A couple of weeks ago I mentioned an E. Lyon farm condo that sold in the $8s after a year on the market and one reader complained that it must have been a distress sale and was thus unrepresentative. I didn’t think so and said as much, but here’s a second sale, this one in West Lyon Farm, Unit 521 that also started at $1.2 million a year ago and sold today for $875. Two may indicate a trend, don’t you think? The reset is on.
Daily Archives: June 11, 2009
In calculating spec house inventory (74 49 over $5 million) I use a construction date of 2007 as a cut-off date but that means my search fails to come up with houses like the one on Deseree (2005), 20 Dingletown (2004?) or this one on Cedarwood, which started construction in 2004. The builder paid $2.4 for the land it sits on back in January 2004, began building some time thereafter and has had it listed for sale since 2004 at ten various price levels, from a high of $7.950 million (June, 2006) to today’s new price of $5.450. It will certainly sell at some point and when it does, it will no doubt be cited by that optimist in the paper as proof that the speculative building market is gaining strength, but five years – and counting – to unload a project is doubtless not what this developer had in mind before he started out on his most excellent adventure.
It’s scheduled for Monday but this author thinks it will be continued, probably several more times. I suppose that Bernie’s not going anywhere anyway, but we do need some new developments in the case to keep things interesting. I wonder how the Brit’s investigation of money laundering by Walt’s son-in-law Andres Piedrahita is going?
$2.5 billion tax dollars spent by your government to find out which “alternative medicines” work. Conclusion: none of them. If I know my government, this utter failure will simply spur the expenditure of an additional $5 billion.
UPDATE: and here’s a compendium of Lunacies of the Left written by a Connecticut Florida liberal.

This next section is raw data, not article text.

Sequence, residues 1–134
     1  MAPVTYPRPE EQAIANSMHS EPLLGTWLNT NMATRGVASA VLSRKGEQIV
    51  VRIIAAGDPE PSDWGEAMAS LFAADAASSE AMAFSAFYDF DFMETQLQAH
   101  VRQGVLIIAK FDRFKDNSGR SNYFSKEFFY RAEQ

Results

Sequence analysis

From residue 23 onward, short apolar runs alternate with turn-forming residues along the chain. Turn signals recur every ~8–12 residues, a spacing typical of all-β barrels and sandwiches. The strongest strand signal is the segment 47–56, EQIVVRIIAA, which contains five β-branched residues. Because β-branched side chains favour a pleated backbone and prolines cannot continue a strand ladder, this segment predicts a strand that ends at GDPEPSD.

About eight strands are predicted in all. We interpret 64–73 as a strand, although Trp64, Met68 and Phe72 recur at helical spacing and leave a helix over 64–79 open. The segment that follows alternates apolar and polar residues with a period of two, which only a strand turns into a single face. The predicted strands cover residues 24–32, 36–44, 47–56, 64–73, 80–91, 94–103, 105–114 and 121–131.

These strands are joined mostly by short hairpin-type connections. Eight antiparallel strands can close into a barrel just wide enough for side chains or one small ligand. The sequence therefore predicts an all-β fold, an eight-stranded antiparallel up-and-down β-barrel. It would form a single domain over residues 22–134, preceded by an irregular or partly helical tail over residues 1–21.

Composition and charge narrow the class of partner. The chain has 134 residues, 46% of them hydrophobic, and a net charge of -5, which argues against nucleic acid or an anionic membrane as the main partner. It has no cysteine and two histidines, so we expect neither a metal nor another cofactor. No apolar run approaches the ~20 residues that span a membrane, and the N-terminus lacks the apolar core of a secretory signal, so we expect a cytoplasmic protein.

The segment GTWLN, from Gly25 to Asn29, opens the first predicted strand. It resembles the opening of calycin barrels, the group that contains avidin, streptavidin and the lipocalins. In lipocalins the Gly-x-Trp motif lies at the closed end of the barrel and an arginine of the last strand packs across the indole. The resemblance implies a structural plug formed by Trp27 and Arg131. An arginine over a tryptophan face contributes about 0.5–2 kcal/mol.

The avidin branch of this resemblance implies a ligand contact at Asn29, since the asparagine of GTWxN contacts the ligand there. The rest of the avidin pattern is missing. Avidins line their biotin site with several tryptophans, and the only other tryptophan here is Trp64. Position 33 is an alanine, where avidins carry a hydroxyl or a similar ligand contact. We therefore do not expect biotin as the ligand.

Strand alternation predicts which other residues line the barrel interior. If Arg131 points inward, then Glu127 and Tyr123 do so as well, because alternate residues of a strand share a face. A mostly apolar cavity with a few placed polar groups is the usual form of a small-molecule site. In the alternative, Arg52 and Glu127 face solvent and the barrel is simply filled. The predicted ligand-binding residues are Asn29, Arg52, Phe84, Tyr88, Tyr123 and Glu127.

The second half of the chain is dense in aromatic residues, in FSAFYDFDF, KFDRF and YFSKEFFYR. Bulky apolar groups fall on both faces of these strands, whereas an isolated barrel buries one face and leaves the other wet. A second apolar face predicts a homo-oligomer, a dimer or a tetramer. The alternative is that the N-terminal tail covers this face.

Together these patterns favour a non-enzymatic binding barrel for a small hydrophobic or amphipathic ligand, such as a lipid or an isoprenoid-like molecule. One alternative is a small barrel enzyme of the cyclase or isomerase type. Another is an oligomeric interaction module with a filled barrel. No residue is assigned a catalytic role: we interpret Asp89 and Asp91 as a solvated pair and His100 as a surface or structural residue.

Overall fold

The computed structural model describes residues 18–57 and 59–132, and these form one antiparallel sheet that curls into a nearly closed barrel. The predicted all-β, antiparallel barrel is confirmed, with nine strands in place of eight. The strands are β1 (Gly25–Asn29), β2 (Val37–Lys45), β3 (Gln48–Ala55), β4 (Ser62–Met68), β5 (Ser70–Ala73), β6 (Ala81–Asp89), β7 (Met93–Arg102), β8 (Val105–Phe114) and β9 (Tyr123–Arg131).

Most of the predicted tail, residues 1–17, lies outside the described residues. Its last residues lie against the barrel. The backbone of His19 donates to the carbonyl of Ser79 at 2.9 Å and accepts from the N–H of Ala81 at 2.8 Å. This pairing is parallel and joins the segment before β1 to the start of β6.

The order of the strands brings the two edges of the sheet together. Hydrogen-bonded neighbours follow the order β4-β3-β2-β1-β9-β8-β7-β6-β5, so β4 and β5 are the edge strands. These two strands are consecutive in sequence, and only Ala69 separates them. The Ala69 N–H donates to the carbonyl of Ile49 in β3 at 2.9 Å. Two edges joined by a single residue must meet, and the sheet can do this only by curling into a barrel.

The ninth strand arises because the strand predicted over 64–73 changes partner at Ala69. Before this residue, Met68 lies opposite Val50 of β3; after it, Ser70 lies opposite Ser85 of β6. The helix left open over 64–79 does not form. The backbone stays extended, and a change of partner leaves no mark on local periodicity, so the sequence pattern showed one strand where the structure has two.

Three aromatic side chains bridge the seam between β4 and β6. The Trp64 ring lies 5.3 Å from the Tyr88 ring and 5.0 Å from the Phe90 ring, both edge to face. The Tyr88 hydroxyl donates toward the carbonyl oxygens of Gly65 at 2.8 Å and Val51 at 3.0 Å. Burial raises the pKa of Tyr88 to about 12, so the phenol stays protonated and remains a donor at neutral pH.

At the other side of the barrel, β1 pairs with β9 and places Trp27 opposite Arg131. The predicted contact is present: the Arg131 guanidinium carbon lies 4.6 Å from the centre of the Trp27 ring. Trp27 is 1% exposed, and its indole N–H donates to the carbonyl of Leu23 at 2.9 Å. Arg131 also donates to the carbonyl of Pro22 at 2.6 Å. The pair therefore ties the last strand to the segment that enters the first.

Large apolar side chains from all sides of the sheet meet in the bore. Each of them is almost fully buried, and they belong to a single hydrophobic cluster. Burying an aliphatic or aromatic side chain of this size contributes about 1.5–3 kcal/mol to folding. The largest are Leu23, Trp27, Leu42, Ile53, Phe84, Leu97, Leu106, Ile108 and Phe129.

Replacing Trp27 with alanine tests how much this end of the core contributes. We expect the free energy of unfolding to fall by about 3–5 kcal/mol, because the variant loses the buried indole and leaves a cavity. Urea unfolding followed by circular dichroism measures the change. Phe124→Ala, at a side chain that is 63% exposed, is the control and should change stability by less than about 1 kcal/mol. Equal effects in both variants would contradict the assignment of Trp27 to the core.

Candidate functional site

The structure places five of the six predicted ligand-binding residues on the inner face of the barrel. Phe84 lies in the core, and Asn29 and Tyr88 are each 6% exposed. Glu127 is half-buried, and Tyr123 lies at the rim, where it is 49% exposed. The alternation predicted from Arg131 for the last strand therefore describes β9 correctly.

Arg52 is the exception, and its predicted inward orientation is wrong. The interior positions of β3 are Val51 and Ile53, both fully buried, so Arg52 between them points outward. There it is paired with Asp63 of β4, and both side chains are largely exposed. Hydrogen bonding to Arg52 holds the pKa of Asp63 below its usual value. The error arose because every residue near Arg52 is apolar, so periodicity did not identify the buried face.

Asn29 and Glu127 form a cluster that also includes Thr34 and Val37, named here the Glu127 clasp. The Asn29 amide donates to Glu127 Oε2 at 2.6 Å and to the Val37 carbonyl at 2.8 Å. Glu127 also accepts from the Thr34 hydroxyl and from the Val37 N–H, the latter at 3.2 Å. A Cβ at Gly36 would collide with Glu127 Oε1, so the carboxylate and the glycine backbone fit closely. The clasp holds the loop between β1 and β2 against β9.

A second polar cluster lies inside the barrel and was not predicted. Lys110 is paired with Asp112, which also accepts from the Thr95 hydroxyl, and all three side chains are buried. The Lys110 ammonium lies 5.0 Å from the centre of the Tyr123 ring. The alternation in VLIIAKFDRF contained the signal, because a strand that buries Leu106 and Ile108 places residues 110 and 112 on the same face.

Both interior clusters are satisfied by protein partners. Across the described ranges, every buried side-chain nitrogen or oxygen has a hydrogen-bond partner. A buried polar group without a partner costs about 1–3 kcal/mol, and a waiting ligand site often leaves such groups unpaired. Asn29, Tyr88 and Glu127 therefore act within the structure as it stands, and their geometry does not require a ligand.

Over the years I’ve been a harsh critic of elements in the larger conservative movement and by proxy the modern Republican Party who pay lip service to various forms of pseudoscience, creationism being a prime example. But here we look at the other side of the coin with an incomplete survey of some of the bizarre anti-science beliefs, medical quackery, pseudoscience, and full blown conspiracy theories with questionable roots in science, some of which are sadly gaining considerable traction due to recent political shifts. They’re by no means held exclusively by the left, but nevertheless readers are far more likely to encounter them on progressive websites and liberal leaning celebrity talk shows and networks.
That eight unit development crammed onto 340 Valley Road has been suffering since its inception. The developer sold two units: one, originally priced at $2.7, sold this January (! And wouldn’t you like to know what the buyers agent told him to convince him to buy in a dead development?) for $2.360, the other sold last July for $2.3. As of yet another price cut today, the prices for the remaining units range from $2.250 to $1.8 million and, unless something unexpected happens, those probably won’t be the selling prices.
Widow’s $98 monthly Option/ARM mortgage payment increases to $3,500. Someone better start helping Granny pack. The gloom and doomers have been predicting for months that Option?ARMs were the next bad thing to hit the housing market as they reset at unaffordable levels and that’s what’s happening now. The indicted head of CountryWide Mortgage wrote some embarrassing – as in, this’ll put you in jail, fella – emails complaining about these, and admitting that their risk ws unfathomable. Hmmm.
On an otherwise uneventful day, 17 Edgewater Drive is reported as under contract after just 28 days, asking $1.795. It’s a nicely renovated (2000) house, and its short time on the market suggests that it went for close to its asking price, which makes it an exception to what’s been happening recently, because the sellers paid just $1.4 million for this in 2002. Someone’s making money! What’s interesting is that this sold for $1.649 in 2002 and then, under what I assume was some kind of pressure, sold again five months later for that $1.4. So these sellers got a bargain that year. Good for them.
More typical is the listing for 14 Hope Farm Road, purchased for $4,212,500 in 2004, relisted for $5.395 million in 2008, withdrawn that October and back again today at $3.995.
Even people not associated with the real estate business are noticing, and laughing at, minuscule price cuts. It’s nice to know they’re all reading my blog.
Connecticut has its own law regulating olive oil that’s stricter than federal laws. It was passed at the behest of one importer and now another importer is suing. I like my olive oil unadulterated, thank you very much, so I don’t sympathize with the plaintiff’s underlying cause, but the concept of fifty states with fifty different standards for any one product stifles commerce and was rejected, I thought, by our founding fathers. Dick Bloomenthal disagrees, and he may be right, but I think Connecticut has more pressing issues to worry about than this.